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Louis Johnston, Economics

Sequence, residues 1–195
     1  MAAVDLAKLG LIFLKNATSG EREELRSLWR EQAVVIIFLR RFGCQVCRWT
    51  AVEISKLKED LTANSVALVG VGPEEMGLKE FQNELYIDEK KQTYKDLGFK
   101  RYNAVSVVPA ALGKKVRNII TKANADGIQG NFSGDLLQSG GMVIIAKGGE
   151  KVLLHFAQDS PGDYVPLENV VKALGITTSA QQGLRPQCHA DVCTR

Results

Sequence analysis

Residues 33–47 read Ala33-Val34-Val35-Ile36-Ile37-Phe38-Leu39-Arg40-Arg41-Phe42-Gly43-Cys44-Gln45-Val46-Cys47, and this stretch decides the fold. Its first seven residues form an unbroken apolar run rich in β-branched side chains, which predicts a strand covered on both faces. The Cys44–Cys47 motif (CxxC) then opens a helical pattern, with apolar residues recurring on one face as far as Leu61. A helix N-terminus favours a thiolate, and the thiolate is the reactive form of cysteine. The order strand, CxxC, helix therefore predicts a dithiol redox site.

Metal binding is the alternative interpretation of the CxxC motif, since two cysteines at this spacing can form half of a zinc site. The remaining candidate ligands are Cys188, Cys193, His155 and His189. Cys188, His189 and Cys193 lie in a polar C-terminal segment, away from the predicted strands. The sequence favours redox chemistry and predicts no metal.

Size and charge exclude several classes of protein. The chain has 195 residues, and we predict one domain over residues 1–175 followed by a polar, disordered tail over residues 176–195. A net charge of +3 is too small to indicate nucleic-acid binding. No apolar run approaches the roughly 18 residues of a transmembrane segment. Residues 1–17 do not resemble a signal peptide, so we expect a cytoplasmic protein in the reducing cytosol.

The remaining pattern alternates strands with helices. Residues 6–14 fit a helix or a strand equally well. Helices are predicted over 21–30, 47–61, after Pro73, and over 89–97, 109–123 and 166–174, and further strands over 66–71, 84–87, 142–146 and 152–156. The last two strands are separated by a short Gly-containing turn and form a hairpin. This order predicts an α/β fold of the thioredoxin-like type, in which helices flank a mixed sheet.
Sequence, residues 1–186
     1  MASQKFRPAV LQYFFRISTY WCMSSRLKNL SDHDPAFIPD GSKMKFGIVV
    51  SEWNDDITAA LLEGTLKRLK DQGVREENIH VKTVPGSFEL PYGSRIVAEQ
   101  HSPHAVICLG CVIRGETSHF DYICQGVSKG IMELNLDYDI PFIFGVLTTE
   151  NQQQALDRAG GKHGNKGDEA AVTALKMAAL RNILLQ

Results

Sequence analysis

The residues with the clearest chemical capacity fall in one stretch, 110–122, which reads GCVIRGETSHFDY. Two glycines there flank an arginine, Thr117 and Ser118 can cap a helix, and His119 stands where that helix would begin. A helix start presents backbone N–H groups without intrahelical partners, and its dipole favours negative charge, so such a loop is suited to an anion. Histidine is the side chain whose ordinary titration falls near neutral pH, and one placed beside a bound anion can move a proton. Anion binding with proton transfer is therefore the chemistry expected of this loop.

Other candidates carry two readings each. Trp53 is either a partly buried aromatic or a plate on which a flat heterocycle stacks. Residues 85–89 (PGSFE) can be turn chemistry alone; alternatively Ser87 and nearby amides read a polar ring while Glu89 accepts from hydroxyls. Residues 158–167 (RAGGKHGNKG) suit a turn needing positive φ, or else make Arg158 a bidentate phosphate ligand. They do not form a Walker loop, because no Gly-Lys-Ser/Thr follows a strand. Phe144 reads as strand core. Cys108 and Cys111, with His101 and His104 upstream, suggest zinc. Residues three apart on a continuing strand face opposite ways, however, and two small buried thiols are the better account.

U.S. state social spending has increased both as a percentage of national GDP and a percentage of the national budget since 1960. Growth in spending across states, however, has not been uniform. Those advocating for more conservative spending argue that large social expenditure budgets dampen the growth of society as a whole. In this paper, I examine the effect that state social spending has on the growth rate of personal income per capita. I follow the model proposed by Peter Lindert (2004), who studied the relationship between social spending and economic growth at the national level. I examine the period from 1990 to 2007 and consider social spending and personal income data for all 50 U.S. states. I find that the level of state social spending has no effect on personal income growth, a conclusion which agrees with Lindert. This result suggests that state governments could invest more money in social programs at no cost to the mean income of its populace. After exploring the relationship between social spending and personal income per capita, I consider whether governments have an obligation to spend money on social programs by reviewing three perspectives: Robert Nozick, John Rawls, and the Catholic Church. Nozick thinks that governments have no obligation to spend money on social programs, even if doing so would benefit society economically. The other two perspectives, however, hold that social spending is obligatory, regardless of how it affects the economic well-being of society. These perspectives show that the decision to redistribute money isn’t solely based on economic outcomes.

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